High protein diets have been popular for years now as people have come to realise the important role this macronutrient plays in health and fitness. However, there are a number of myths surrounding protein intake – specifically the health effects of a long-term high protein diet – that we want to discuss in today’s post.

Kidney Damage

“High protein diets damage your kidneys.” This myth derives from the filtering process that the kidneys are responsible for in the body as they remove toxins and waste from the food and drink we consume. The digestion of protein requires the kidneys to work harder to remove these natural by-products, but for normal healthy people, this isn’t a problem. The capacity of the human body should never be underestimated. In those who suffer from kidney disease, the long-term consumption of a high protein diet can strain the kidneys and lead to a build-up of waste product in the body, which is obviously bad news. If you suffer from kidney problems, talk to your doctor about your protein intake and also look at your protein sources. Choosing plant-based ones over animal will lessen the pressure on your digestive system and help to safely maintain an adequate protein intake.


“You can only absorb 30g of protein in one sitting, the rest passes through undigested.” This popular myth is, unfortunately, untrue. There’s no cap on the amount of energy we can extract from food in a single sitting. Otherwise, instead of counting calories to lose weight, we’d switch to an all protein diet! The grain of truth in this myth is that protein digestion is the most energy-intensive of all the macronutrients – 20-30% of its contained energy is used, as compared to 5-10% for carbs and 0-3% for fats. Therefore, a diet that’s high in protein will lead to a lower calorie yield after digestion. This is why it’s important to examine the nutrients behind the calorie count when planning your meals, especially if your goal is to lose weight.

Bone Health

“A high protein diet can cause osteoporosis.” This myth requires a mini science lesson to explain (bear with us it won’t be complicated). The protein contains amino acids. There are 21 in total, 9 of which are ‘essential amino acids’ because they must be taken in through food. The other 12 can be made by the body using the essential 9 (the body is marvellous, isn’t it?). Amino acids are used to build and maintain muscle mass. The myth posed above is based on the incorrect assertion that the body, when overloaded with acid, will use the calcium in the bones as a neutraliser. This isn’t true. In fact, having a healthy muscle mass is one of the most powerful weapons in the fight against osteoporosis because it supports proper load-bearing and builds bone strength. In other words, bones work to support the weight of muscle and this makes them tough and resilient to damage. The same is not true for fat because of the difference in distribution (i.e. the way fat hangs on the body).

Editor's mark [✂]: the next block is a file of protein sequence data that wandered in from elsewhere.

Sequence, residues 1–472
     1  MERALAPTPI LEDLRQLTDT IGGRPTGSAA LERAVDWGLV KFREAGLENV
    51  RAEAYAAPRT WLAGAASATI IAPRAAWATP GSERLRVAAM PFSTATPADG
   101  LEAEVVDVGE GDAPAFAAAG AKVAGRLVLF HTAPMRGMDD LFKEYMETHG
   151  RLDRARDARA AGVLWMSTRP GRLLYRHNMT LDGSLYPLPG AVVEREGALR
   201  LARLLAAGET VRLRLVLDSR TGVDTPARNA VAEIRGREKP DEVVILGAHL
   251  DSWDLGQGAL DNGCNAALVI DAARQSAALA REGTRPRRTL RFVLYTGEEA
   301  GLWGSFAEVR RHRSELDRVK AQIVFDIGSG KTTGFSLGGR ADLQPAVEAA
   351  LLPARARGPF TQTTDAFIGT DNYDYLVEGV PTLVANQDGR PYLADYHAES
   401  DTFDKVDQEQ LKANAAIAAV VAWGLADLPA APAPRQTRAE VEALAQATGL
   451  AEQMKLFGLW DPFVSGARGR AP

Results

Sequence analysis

Don’t Believe Everything

While today’s blog has debunked three of the most common protein myths, there are plenty more out there that we haven’t covered. Our advice is to not take everything at face value and to do a little investigation before accepting something as true. Be wary of social media celebrities too – they often build a brand on their personalities or lifestyle, not on education or knowledge. If after some research you’re still unsure, turn to a professional such as a personal trainer, a dietician, nutritionist or even your doctor.

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